Try to do something for each individual child, and remember this is your chance to encourage them, not to make suggestions about what you think they should change or improve. The power of what you leave will be immense, but don't let this intimidate you.
Instead, let it encourage you to get something on paper or tape or on DVD. This is your chance to leave something that will mean the world to your child should you be gone.
Kristen Milligan (1973-2012)
Inheritance of Hope Co-Founder


I love the idea of my children seeing my face and hearing my voice as I share some thoughts and encouragement. Here are a few suggestions for DVDs you might like to record. Remember, you need only pick one or two, or you may feel motivated to do all of them! You might even have another topic about which you would like to share. Some DVDs may work for all of your children, but some will be most powerful if you make one for each individual child. It is all about what your heart wants to share with your child.
Possible ideas for DVDs recorded for your child:
•Special birthdays, such as 16, 18, 21 or 25
•First Christmas after you are gone
•High school graduation
•College graduation
•Your child’s engagement
•Your child’s wedding day
•Thoughts for a good marriage
•Your child’s first baby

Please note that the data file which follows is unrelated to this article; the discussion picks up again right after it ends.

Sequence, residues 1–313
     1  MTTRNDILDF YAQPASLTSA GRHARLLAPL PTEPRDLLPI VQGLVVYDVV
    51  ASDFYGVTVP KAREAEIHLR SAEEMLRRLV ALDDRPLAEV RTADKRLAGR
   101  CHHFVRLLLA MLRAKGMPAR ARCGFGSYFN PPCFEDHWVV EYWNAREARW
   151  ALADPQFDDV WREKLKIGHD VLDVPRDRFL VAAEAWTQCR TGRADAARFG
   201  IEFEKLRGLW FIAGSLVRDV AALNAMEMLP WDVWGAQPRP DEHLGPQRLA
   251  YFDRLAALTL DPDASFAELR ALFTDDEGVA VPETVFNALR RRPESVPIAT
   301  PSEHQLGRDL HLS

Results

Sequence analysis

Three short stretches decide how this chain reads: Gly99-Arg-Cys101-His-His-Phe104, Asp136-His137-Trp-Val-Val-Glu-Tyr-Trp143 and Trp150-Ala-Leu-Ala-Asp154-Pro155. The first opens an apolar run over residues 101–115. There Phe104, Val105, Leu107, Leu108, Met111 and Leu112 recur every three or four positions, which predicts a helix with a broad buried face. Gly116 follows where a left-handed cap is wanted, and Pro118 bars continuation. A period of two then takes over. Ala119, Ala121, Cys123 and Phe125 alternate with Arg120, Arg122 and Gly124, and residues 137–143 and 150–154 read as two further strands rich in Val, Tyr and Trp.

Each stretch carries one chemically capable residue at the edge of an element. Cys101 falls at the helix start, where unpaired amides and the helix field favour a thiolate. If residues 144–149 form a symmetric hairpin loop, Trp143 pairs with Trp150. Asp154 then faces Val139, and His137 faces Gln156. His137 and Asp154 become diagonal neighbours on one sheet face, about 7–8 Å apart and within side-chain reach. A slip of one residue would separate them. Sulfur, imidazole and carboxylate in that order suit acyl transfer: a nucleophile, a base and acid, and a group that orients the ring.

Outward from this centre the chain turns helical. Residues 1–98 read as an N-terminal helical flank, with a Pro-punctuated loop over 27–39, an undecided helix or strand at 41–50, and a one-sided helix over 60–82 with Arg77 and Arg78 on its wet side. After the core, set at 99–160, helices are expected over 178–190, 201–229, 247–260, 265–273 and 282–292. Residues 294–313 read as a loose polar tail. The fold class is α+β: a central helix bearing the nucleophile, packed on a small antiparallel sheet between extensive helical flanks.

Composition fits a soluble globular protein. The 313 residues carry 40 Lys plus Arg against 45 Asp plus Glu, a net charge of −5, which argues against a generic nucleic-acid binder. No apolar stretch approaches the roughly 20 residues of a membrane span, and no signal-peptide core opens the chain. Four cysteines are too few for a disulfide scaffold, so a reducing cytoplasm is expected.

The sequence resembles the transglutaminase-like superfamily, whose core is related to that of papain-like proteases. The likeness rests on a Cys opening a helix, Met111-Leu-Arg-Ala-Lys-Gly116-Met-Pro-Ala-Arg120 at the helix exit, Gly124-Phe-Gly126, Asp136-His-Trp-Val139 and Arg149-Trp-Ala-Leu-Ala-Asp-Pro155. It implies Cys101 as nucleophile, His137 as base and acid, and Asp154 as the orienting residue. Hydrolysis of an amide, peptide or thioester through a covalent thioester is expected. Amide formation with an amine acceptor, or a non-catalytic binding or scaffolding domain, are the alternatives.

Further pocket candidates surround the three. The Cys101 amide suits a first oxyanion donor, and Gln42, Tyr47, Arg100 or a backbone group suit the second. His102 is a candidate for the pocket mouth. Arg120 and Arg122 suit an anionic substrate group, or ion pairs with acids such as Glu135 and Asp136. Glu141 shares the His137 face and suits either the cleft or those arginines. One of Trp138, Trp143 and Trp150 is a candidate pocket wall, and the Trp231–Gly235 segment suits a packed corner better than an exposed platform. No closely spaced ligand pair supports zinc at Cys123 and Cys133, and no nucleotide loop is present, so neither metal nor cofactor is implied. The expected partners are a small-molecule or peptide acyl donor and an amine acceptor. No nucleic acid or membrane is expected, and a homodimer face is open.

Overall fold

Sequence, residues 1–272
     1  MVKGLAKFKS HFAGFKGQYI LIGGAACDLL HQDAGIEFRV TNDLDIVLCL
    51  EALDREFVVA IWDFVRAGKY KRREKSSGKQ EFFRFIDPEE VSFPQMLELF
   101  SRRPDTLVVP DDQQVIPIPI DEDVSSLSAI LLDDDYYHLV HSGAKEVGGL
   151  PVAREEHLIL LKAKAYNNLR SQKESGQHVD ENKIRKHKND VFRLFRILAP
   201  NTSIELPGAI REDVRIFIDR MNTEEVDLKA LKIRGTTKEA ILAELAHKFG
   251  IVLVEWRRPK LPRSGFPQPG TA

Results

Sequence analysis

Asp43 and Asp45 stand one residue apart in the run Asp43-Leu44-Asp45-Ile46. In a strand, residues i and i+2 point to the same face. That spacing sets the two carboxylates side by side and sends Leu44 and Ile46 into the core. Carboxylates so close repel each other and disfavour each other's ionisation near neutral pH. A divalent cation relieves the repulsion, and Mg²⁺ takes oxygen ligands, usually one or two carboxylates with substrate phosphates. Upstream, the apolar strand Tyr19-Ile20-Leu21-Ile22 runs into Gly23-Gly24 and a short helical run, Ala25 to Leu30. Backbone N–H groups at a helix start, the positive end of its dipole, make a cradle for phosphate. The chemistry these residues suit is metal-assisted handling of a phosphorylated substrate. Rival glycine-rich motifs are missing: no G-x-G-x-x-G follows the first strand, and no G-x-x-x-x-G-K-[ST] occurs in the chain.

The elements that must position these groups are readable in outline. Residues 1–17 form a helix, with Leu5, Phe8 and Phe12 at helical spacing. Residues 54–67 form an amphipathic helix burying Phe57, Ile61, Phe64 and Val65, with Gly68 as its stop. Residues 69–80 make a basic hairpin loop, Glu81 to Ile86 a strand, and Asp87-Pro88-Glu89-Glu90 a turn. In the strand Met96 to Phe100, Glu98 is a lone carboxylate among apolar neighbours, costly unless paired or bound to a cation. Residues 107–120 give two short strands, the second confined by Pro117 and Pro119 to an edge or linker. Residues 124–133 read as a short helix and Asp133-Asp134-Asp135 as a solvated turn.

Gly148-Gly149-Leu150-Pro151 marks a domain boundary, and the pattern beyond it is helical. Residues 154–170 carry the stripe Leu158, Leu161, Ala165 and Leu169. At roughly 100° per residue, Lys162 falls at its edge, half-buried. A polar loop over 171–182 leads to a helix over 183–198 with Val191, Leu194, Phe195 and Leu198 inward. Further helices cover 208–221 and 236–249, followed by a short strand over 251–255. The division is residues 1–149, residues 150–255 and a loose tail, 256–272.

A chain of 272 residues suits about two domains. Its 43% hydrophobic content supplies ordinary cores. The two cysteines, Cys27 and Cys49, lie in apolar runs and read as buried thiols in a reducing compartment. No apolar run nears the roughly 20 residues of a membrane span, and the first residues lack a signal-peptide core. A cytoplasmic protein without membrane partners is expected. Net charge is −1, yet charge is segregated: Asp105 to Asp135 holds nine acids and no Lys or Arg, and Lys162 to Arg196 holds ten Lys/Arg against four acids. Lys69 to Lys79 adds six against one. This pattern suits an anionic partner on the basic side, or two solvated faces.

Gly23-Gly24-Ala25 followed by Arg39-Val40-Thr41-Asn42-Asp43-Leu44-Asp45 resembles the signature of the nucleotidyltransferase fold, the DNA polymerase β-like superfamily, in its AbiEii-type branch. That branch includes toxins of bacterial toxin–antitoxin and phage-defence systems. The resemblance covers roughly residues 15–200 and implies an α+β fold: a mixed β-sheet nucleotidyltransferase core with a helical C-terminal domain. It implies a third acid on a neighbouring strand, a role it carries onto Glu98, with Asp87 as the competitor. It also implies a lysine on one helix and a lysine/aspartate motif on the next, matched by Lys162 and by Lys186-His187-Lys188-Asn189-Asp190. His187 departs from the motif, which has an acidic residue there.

•For when and if your spouse remarries
•Thoughts on dating
•About that child specifically … your pregnancy,
that child’s birth, childhood, special attributes,
hopes for that child, encouragement
•About your spouse … how you met, fell in love,
marriage, why your spouse is special


I believe an important video is one that will be watched by your child or children just after you have passed away, when their grief is the greatest. Here are a few suggestions for topics that might help you get started on this video. Once you begin talking to your child through the camera, your heart will flow into words, and I know your child will be blessed by what you share.
•How much you did not want to leave them
•What to expect in the days following your passing (funeral, visitors, people saying things that are awkward and sometimes just foolish because they do not know what else to say, where they will go and
who they might stay with, etc.)
•How much you love the child
•How none of this is their fault and there is nothing they did that made you upset with them